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Thursday, March 08, 2018

Morning Star by Pierce Brown

Morning Star by Pierce Brown

Book Stats:  

Reading level: Adult
Genre: Science fiction, dystopia
Hardcover: 544 pages
Publisher: Del Rey
Release date: February 9th, 2016

Series:  Red Rising, #3

Source: Purchased

Reviewed by: Kara

Order: Amazon | Book Depository

Darrow would have lived in peace, but his enemies brought him war. The Gold overlords demanded his obedience, hanged his wife, and enslaved his people. But Darrow is determined to fight back. Risking everything to transform himself and breach Gold society, Darrow has battled to survive the cutthroat rivalries that breed Society’s mightiest warriors, climbed the ranks, and waited patiently to unleash the revolution that will tear the hierarchy apart from within.

Finally, the time has come.

But devotion to honor and hunger for vengeance run deep on both sides. Darrow and his comrades-in-arms face powerful enemies without scruple or mercy. Among them are some Darrow once considered friends. To win, Darrow will need to inspire those shackled in darkness to break their chains, unmake the world their cruel masters have built, and claim a destiny too long denied—and too glorious to surrender.

"Rise so high, in mud you lie" is taken to new levels in this final volume of the trilogy.

Betrayed by his friend Roque and the twisted machinations of the Jackal, our hero Darrow au Andromedus is taken captive while many of his allies are left for dead. [Darrow was actually kept in an eight foot stone table for nine months with tech to keep him alive and subjected to private torture sessions by the Jackal. Doesn't this sound like the lowest of the low?] A broken Victra au Julii is captive with him. In a secret mission Darrow is rescued. And Darrow insists Victra be rescued too, as she was only broken because of her strong loyalty to him. Even at the end of the massacre where she's crawling with spinal gunshot wounds, she only cared about Darrow knowing she had no part in the betrayal. Upon his return, Darrow finds a much different Sons of Ares, fitting because he himself is much changed. Sevro leads the Sons, and since his father's death, he's hell-bent on retribution and machiavellian elimination of his enemies.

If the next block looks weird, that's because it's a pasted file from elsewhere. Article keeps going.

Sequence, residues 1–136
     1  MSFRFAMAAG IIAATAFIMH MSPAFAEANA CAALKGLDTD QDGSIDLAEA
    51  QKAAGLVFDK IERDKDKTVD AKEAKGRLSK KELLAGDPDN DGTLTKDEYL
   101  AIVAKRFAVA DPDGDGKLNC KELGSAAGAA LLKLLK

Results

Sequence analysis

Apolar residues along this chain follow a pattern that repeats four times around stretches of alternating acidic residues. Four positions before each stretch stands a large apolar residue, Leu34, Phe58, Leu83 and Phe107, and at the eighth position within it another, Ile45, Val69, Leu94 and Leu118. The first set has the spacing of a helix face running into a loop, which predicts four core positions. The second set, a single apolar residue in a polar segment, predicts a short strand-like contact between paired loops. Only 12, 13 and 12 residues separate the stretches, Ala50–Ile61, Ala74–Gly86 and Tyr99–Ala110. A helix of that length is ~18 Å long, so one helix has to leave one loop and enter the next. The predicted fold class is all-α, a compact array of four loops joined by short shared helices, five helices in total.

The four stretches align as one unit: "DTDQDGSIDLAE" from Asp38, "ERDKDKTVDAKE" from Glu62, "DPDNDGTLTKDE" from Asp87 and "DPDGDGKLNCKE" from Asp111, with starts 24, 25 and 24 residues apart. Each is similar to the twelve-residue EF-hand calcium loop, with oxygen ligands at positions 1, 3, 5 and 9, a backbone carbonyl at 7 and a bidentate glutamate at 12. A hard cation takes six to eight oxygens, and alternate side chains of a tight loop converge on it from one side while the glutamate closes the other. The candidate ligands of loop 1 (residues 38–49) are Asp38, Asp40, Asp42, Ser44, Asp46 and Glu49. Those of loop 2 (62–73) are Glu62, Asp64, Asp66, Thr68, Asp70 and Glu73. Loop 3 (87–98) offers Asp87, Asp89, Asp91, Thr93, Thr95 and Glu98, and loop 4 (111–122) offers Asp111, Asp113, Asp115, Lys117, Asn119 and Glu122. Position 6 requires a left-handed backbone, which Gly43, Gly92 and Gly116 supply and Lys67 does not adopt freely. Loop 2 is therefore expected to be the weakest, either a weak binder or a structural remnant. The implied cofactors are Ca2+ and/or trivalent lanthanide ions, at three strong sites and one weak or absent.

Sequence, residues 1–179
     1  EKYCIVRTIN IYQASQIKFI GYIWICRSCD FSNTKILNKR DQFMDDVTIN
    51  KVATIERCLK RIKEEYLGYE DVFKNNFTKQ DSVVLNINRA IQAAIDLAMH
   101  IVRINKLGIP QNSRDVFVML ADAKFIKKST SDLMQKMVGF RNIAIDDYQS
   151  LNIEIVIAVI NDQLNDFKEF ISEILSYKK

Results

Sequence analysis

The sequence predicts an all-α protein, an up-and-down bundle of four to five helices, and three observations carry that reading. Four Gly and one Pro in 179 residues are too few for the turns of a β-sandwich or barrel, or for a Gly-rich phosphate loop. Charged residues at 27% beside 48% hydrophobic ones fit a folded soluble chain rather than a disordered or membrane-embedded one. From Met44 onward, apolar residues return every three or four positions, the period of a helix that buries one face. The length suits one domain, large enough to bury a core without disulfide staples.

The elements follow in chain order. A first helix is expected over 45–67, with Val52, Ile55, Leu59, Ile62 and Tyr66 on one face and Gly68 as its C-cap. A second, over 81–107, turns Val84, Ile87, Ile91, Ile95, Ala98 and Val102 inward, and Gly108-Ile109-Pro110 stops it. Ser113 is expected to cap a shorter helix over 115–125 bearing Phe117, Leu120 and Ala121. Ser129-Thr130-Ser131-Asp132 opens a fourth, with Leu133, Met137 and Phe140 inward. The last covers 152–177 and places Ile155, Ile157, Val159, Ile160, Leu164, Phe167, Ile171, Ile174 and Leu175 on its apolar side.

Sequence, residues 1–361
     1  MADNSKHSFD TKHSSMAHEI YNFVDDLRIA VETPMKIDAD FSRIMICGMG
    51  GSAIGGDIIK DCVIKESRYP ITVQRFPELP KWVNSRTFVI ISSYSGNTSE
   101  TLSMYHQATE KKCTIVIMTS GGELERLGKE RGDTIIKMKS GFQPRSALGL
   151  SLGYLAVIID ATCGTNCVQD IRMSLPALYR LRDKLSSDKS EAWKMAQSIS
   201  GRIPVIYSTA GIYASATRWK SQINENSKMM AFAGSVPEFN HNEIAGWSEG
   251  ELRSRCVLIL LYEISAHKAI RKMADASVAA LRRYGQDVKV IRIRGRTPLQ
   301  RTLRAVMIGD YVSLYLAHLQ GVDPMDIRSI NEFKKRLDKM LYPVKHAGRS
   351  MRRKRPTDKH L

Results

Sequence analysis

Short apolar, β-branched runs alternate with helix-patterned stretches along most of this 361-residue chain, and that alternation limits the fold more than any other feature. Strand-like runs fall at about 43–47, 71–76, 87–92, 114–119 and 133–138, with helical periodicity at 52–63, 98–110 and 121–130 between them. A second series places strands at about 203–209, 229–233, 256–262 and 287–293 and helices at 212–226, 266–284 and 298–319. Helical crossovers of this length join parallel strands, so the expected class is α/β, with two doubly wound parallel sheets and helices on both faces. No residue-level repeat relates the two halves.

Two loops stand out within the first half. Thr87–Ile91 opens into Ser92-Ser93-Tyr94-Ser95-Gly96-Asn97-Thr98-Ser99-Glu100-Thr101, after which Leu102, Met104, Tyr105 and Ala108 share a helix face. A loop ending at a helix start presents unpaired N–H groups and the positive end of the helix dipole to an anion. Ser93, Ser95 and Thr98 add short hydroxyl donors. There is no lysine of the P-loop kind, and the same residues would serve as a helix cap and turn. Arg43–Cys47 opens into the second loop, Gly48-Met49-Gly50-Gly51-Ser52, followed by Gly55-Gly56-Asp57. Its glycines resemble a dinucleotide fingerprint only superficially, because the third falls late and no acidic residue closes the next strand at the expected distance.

Since Darrow's absence, the highColor rebellion -- led by Mustang, the Telemanuses and the Arcos clan -- and the lowColor rebellion -- led by Sevro and the Sons of Ares -- has permanently splintered into two different factions. Darrow is largely believed to be dead, though, and in his new state, is unfit to lead. It's definitely a new dynamic, him coming to depend on Sevro as Sevro once depended on him. Darrow must once again prove his readiness to lead, and this comes with some honest confessions and reckonings. It's another way Darrow comes full circle with his Red self. In Red Rising, he was the lowest of the low, broken, and brought high. In Golden Son, he's not as high as he thinks he is, is taken down a peg or two, and must figure out how to grow up in his new environment of politicos or make them dance to his tune. Here, Darrow is once again dependent and helpless, thanks to the Jackal, and Sevro and his friends have to build him up again. But Darrow doesn't have the same will, the same confidence, the same recklessness. Instead, his betrayal and new perspective have made him a bit wiser. [Don't expect his overconfidence and subpar communication to stop being his Achilles heel, however!]